Bloomberg reports,

Factory payrolls fell 85,000 after decreasing 104,000 in October. The return of 27,000 striking machinists at Boeing Co. last month helped limit the drop, economists said…

Payrolls at builders dropped 82,000 after decreasing 64,000. Financial firms decreased payrolls by 32,000, after a loss of 31,000 jobs the prior month.

Service industries, which include banks, insurance companies, restaurants and retailers, subtracted 370,000 workers after declining 153,000 in the previous month.

Overall, the decline in payroll employment in November was 533,000.

In December of 1974, the decline in payroll employment was 602,000, of which the decline in manufacturing payrolls was 384,000 and the decline in service employment was 132,000. Construction employment was almost unchanged.

Decomposing the change in employment, in December 1974, the drop was almost 2/3 concentrated in manufacturing, and less than 1/4 services. In November 2008, the drop was less than 1/6 in manufacturing, and more than 2/3 in services.

I bring this up because it raises a question about whether this is cyclical or structural unemployment. See my Lectures on Macroeconomics, No. 3. For example, if people are losing jobs in securities trading, then that may be a case of permanent structural change, not temporary cyclical weakness.

I have my doubts about Keynesian remedies for structural unemployment. As I wrote in Lectures on Macroeconomics, No. 6

My tentative judgment is that the Keynesian remedies are less appropriate to the post-industrial economy. Fiscal and monetary policy may be good for kick-starting the durable goods sectors, but the Dotcom crash required more complex adjustments, involving a more educated labor force.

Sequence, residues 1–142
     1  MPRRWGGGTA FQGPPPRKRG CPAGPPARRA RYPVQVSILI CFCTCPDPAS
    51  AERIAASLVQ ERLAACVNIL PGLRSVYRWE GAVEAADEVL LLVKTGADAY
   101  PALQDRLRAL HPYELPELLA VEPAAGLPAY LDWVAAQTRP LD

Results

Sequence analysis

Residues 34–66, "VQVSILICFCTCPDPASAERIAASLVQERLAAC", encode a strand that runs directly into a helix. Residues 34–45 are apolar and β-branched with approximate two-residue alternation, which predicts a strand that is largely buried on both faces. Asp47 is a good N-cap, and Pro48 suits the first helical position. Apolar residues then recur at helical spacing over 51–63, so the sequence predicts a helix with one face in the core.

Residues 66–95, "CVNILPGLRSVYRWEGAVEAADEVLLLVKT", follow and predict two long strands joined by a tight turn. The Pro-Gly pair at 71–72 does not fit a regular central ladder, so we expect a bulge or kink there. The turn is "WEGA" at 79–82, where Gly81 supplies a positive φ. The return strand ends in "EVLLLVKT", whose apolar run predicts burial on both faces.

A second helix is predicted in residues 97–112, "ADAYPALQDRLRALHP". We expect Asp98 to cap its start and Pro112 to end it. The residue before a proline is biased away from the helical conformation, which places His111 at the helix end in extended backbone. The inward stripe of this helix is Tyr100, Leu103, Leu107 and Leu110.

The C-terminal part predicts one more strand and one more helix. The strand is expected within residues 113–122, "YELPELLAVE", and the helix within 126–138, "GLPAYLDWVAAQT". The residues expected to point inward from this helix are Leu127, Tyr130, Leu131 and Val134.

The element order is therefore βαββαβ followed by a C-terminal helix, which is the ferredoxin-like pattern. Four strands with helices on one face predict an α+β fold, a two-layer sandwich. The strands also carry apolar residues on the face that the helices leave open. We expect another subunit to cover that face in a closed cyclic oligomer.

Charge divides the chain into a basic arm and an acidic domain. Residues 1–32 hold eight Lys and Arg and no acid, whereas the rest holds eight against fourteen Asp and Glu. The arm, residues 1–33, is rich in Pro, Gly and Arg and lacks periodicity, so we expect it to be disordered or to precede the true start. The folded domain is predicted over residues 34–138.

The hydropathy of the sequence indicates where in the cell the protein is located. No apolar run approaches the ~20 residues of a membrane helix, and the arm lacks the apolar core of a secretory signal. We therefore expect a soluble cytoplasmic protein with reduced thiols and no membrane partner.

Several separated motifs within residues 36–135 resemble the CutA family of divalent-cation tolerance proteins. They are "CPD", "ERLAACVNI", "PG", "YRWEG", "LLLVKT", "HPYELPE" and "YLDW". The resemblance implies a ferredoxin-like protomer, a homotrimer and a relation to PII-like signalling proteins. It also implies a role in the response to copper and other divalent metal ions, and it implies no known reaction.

From 2002 through 2007, the economy fell short of providing the employment opportunities for highly-educated workers that the Internet bubble was able to generate. Meanwhile, we overheated the traditional housing and consumer durables sectors. Some of the demand for consumer durables was met by foreign producers, as our imports shot up. One could argue that the demand for housing also was met partly by foreign labor, in the form of illegal immigrants.

Another sector that overheated in this period was the financial sector. The mortgage origination, securities-trading, and risk-disguising industries ballooned. These excess financial services employees now need to find other lines of work. I cannot see how a Keynesian policy of creating inflation to reduce real wages can help with that.

As far as I know, macroeconomics does not have a proven remedy for structural unemployment in the services industry.